A response to Jim McDowell- Loyalist concerns are entirely legitimate

A response to Jim McDowell- Loyalist concerns are entirely legitimate

@JamieBrysonCPNI 

Editor@UnionistVoice.com

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In today’s Sunday World Jim McDowell devoted his column to analysing my contribution to BBC Northern Ireland’s Stephen Nolan show last Friday. I said that in my personal view the loyalists would be watching Brexit very closely to see if any of the potential outcomes weakened the constitutional position of Northern Ireland.

To his credit Mr McDowell, albeit abysmally in my view, articulated his viewpoint without reducing it to personal insults or jibes. In terms of the Sunday World, this makes it a rather unique contribution.

However, McDowell demonstrates the inherent peace process driven narrative that has normalised republicanism, and criminalised loyalists. The former are peace loving freedom fighters, whilst the latter are- in a past tense- state sponsored murder gangs, and- in a present tense- thuggish criminals. Or so the post-98 narrative would have you believe.

In the same paper as McDowell’s column, which we will get to in just a moment, the Sunday World carried articles about legacy issues. Most of a double page spread was devoted to upcoming BBC Spotlight revelations, the majority of which focused on IRA gunrunning and footage of the IRA carrying out a bomb attack.

Wedged in the corner of the double page spread is a story about the UDA. The IRA are described in the article simply as the “IRA”, with those who planted the bomb described as “IRA men”. Yet on the same page, when the referring to an alleged UDA member regarding legacy issues, the editorial style suddenly changes. This individual is a “UDA terror chief”.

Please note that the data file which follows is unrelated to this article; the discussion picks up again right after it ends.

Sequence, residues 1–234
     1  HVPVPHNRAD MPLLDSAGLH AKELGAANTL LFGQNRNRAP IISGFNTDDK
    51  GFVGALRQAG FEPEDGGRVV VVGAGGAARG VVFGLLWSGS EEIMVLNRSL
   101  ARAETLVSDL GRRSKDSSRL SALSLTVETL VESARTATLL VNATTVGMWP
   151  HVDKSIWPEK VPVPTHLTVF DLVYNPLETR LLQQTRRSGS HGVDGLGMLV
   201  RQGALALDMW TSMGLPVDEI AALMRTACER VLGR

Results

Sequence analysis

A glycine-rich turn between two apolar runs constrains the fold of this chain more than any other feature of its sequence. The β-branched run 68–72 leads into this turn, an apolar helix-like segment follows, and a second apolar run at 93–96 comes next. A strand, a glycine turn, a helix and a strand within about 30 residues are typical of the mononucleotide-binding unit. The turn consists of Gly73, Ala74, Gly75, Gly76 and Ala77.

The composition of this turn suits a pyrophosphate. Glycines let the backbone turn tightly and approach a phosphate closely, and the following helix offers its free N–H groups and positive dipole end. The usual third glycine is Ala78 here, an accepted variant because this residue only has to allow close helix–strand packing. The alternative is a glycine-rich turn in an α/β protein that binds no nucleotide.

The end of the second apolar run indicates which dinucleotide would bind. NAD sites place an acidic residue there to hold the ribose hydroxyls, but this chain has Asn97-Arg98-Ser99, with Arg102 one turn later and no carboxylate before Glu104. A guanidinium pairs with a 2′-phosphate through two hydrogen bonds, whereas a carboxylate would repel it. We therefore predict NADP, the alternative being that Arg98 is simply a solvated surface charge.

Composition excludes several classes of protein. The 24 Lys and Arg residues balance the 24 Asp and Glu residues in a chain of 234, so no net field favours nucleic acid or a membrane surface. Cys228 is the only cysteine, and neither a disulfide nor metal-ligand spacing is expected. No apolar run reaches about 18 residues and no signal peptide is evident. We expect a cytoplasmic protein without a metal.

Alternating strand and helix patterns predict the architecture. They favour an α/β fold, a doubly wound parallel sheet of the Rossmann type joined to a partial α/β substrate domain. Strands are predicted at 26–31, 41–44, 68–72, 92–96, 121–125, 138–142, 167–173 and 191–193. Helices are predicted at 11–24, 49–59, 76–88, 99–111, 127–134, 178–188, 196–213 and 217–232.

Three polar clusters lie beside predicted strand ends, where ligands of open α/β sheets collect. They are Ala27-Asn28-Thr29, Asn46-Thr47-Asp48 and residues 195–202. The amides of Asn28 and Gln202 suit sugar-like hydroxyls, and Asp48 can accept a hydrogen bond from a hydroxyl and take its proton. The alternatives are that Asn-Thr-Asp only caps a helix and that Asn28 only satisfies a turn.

The article goes on to refer to other legacy incidents and describes them as “loyalist terror crimes”. No such description is attached to the IRA smuggling guns or detonating a bomb. I’d be keen to understand the editorial guidelines in the Sunday World in regard to legacy, given there is quite clearly double standards deployed.
We turn then to Jim McDowell’s column. He took issue with my comments around a potential loyalist reaction to any weakening of the union. Mr McDowell’s desire to use his platform to robustly challenge any suggestion whatsoever that there may be any violence following Brexit appears to only extend to the loyalist community.

I may have missed it, but I do not recall Jim McDowell writing any blistering articles over the past three years challenging the weekly assertion that we must have a backstop, or that we must not upset nationalism, because this could damage the peace process or lead to a return to conflict. It appears that due to the fact these threats to peace, to gain political leverage, were coming from nationalists, that they didn’t warrant an outraged column by Mr McDowell. One would have to wonder why?

It seems that nationalists using a threat to peace in order to secure a political outcome that would favour their ultimate objective of Irish unity is entirely acceptable, yet if loyalists raise the point that our community may not go quietly into an economic, or any other form of all-Ireland, suddenly there is outrage. This, again, flushes out the double standards. My comments on Nolan, and in preceding articles, were no different than what nationalists have been saying for three years. I simply reminded them that unionists and loyalists do exist in this country; to borrow a phrase- we haven’t gone away you know.